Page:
Almost twelve years ago, I moved to Seattle and got a job with a strange little business located south of downtown. They did mail order, but their warehouse stock was tiny even though their catalog was huge. The catalog was only on the Web, even though the local library still offered telnet access to its catalog. There was no storefront, no printed catalog, and the business didn't take phone orders.
That business, of course, was Amazon.com.
These days, Amazon sells everything from books to bustiers, and has warehouses located all over the country, not to mention subsidiaries located all over the world. I haven't worked there in eight years, so I have no idea what their warehouse-stocking philosophy is. But in 1996, Jeff Bezos and company were leveraging the incredibly powerful idea of just-in-time delivery. They've made some missteps along the way, but have gotten things right enough that quite a few people have made quite a bit of money off of it.
What does this have to do with reference?
At my university, I do remote-desk hours: set up a laptop in a location outside the library on campus and provide reference service. A lot of libraries have been trying this, with varying degrees of success. So far, the one time I've gotten a lot of traffic was when a professor put my contact information in his syllabus, including my office hours, then gave his students an assignment that was beyond most of their library research skills. The following year, when the course came up again, I did a guest lecture instead covering the same material points. It would be interesting to compare the results on student assignments.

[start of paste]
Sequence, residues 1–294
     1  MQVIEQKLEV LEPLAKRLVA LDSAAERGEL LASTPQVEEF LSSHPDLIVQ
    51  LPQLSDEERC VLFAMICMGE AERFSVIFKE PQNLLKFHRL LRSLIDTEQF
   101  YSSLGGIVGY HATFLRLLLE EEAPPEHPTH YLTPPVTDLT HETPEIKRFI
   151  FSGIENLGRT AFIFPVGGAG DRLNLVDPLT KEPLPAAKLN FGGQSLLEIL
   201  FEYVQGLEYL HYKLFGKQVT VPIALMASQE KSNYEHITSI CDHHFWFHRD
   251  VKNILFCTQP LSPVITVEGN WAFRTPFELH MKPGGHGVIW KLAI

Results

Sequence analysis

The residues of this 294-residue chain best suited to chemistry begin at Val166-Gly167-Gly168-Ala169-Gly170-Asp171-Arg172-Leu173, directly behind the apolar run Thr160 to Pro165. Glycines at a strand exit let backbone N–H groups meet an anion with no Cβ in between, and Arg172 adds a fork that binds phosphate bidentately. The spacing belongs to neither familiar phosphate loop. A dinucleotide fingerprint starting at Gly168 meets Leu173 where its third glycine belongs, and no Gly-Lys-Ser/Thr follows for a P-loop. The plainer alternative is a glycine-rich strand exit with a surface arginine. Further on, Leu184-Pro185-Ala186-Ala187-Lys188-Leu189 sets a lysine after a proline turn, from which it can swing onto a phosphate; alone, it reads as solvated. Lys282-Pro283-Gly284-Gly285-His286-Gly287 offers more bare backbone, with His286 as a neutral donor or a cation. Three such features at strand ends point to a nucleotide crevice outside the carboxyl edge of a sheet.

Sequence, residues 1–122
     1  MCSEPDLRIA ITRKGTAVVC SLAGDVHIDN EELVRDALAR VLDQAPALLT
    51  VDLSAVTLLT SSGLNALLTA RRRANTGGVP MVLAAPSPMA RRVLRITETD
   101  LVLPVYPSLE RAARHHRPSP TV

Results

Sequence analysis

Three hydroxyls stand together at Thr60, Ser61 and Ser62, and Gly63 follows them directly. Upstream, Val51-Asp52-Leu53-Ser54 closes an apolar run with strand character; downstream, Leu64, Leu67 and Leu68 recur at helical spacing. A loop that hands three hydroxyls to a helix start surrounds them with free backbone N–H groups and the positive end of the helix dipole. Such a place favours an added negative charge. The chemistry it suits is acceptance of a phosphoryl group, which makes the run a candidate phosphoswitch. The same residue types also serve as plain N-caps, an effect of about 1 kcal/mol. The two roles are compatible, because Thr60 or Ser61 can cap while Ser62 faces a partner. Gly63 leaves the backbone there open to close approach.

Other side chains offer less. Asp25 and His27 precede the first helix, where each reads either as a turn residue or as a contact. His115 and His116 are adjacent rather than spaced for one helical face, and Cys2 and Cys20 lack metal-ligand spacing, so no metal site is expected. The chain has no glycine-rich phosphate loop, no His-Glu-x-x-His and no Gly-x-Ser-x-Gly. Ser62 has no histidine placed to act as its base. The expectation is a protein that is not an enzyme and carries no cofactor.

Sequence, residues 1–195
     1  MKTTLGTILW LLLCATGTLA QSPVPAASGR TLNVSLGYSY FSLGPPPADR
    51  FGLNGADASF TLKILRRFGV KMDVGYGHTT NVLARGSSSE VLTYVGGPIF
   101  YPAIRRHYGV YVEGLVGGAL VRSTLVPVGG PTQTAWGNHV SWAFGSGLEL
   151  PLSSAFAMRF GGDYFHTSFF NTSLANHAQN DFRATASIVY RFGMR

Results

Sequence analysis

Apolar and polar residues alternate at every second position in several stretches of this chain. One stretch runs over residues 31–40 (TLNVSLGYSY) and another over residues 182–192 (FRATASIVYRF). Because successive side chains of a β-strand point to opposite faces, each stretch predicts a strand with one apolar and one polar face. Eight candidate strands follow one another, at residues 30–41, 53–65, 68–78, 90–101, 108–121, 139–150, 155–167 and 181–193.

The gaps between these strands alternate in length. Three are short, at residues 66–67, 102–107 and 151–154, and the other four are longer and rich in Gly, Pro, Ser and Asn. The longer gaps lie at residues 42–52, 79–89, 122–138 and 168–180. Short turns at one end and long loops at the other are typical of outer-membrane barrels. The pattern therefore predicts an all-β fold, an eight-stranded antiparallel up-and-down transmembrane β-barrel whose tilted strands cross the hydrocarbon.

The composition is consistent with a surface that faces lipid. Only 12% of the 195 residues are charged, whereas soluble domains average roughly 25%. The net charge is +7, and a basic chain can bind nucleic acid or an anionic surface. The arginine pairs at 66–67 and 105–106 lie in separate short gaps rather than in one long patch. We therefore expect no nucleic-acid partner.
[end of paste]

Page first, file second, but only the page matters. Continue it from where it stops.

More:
Now, obviously one factor at work here is promotion. But another is this notion of just in time: what you need, when you need it, where you need it. And in an increasingly connected world, "where" doesn't need to be physical.
This is important because the library as place is coming uncoupled from the library as a resource base. This turns the physical library into a place that serves multiple needs: the information commons at work. Which varies from campus to campus, but at my university, the library is the preferred study space for many students. It's comparatively quiet, even with the inevitable noise from the computer area on the first floor; it's open late (though not late enough, they tell us); and they can access online library resources as easily there as anywhere. More easily, perhaps; the library has wireless, though it's increasingly clear that it doesn't have enough power outlets to serve the demand from student laptops.
The reference desk is a quintessential just-in-case service, and the profession knows this. From Steven Bell's writings on the subject to the open discussion at Midwinter 2007, librarians are considering the idea that the reference desk is outmoded in our brave new just-in-time, wirelessly wired, increasingly connected world.
I'm not convinced that anyone really knows the answer to that question, though we're all trying out alternatives to see what works. Chat reference, IM, giving out your cellphone number, remote-location reference, reference by appointment, and the rest: a lot of them are attempts to bring just-in-time into a traditionally just-in-case scenario. On the other hand, the librarian at the reference desk is there at the right time and in the right place for students who are working in the library and need reference assistance. And there are still quite a few of them.
What does just-in-time reference service look like? Is it a change in service, or a change in attitude?